What Can this Ancient Creature Tell Us about the Human Brain?


Columbia neuroscientists have access to some of the most advanced technology in the world, but sometimes they learn from the simplest creatures. The hydra, a half-inch-long relative of the jellyfish, belongs to a group of aquatic organisms that first appeared some 750 million years ago, in the earliest stages of life’s evolution. Possessing one of the oldest and most rudimentary nervous systems, it provides a valuable window into the fundamental mechanisms of the brain.

Researchers in the laboratory of Rafael Yuste are studying the hydra to learn how neural circuits store and communicate information. But the hydra has another claim to fame: it is said to be immortal, because its body is constantly renewing itself with fresh stem cells. “The hydra’s regenerative powers are so incredible that if you break it up into individual cells and collect the cells in a test tube, they will reconfigure themselves into a proper animal within a few days,” says Jonathan Lovas, a graduate student in Yuste’s lab who is currently conducting experiments on the organism. “By observing how its nervous system reassembles itself, we hope to achieve new insights into the growth and development of nervous systems in more complex organisms, including mammals.”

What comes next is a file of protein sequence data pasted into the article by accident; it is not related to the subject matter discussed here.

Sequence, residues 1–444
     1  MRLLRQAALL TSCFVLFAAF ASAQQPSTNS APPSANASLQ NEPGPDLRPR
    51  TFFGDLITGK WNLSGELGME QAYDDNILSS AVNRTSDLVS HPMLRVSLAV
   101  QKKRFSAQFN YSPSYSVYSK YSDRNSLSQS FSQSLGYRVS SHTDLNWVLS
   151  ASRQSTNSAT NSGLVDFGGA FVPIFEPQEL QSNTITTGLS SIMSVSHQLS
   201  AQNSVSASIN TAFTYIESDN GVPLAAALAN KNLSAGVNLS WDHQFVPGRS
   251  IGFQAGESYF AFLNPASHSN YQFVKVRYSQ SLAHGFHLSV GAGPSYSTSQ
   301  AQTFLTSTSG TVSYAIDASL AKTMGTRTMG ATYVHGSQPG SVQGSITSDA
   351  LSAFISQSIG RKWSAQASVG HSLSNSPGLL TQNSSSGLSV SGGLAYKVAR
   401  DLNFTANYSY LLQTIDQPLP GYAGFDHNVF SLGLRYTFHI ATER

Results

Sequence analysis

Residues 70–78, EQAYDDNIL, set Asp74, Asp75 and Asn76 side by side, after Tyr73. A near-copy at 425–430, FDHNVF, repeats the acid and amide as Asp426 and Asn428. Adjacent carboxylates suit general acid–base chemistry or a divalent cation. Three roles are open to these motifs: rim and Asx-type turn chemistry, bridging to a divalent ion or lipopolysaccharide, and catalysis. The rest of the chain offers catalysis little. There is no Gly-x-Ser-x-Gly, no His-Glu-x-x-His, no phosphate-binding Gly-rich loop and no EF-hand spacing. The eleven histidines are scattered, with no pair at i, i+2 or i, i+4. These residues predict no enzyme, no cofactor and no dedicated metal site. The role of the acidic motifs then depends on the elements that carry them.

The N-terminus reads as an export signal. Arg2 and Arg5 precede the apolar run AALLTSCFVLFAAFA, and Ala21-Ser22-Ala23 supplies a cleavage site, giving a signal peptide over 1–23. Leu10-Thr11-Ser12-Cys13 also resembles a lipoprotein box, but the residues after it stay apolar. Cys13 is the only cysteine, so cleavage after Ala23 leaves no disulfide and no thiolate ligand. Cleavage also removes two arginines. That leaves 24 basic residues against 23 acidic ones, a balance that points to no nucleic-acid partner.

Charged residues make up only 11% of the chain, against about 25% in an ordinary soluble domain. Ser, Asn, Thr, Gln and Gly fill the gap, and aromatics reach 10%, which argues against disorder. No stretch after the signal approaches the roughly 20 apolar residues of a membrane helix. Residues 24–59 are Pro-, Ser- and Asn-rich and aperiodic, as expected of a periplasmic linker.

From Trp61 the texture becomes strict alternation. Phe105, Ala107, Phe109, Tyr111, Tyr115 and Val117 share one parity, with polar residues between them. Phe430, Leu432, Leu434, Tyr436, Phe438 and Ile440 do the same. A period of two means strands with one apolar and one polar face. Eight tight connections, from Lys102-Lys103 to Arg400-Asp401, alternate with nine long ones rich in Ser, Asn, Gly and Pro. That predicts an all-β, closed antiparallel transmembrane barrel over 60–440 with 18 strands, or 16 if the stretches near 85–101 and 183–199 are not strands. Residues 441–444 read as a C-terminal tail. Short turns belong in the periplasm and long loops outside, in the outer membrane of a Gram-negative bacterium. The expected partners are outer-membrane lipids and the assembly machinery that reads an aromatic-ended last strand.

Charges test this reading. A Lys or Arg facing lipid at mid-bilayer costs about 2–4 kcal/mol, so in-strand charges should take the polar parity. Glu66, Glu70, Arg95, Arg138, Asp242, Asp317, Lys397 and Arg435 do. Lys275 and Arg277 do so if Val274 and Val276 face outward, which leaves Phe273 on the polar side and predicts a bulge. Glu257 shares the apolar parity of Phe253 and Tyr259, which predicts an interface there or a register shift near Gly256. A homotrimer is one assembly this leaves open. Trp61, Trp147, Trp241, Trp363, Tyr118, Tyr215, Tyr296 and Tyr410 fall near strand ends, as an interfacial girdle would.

John Szymanski

This article appears in the Winter 2019-20 print edition of Columbia Magazine with the title "Our immortal partners." Video courtesy of Yuste Lab.